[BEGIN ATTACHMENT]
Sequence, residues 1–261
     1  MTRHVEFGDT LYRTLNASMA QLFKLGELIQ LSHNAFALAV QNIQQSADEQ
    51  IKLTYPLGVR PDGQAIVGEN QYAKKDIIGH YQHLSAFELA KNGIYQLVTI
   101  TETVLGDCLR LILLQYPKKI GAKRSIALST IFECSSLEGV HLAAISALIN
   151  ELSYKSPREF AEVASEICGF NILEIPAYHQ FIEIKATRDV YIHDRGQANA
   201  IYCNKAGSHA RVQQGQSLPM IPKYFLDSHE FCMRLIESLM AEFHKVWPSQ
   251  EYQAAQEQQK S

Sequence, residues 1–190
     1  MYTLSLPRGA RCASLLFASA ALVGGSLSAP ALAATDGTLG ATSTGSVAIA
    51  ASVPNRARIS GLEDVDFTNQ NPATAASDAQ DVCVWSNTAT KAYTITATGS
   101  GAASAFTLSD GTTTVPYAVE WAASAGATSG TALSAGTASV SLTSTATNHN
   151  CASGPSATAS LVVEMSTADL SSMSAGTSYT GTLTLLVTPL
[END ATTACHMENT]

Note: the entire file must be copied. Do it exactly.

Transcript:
Sequence, residues 1–261
     1  MTRHVEFGDT LYRTLNASMA QLFKLGELIQ LSHNAFALAV QNIQQSADEQ
    51  IKLTYPLGVR PDGQAIVGEN QYAKKDIIGH YQHLSAFELA KNGIYQLVTI
   101  TETVLGDCLR LILLQYPKKI GAKRSIALST IFECSSLEGV HLAAISALIN
   151  ELSYKSPREF AEVASEICGF NILEIPAYHQ FIEIKATRDV YIHDRGQANA
   201  IYCNKAGSHA RVQQGQSLPM IPKYFLDSHE FCMRLIESLM AEFHKVWPSQ
   251  EYQAAQEQQK S

Sequence, residues 1–190
     1  MYTLSLPRGA RCASLLFASA ALVGGSLSAP ALAATDGTLG ATSTGSVAIA
    51  ASVPNRARIS GLEDVDFTNQ NPATAASDAQ DVCVWSNTAT KAYTITATGS
   101  GAASAFTLSD GTTTVPYAVE WAASAGATSG TALSAGTASV SLTSTATNHN
   151  CASGPSATAS LVVEMSTADL SSMSAGTSYT GTLTLLVTPL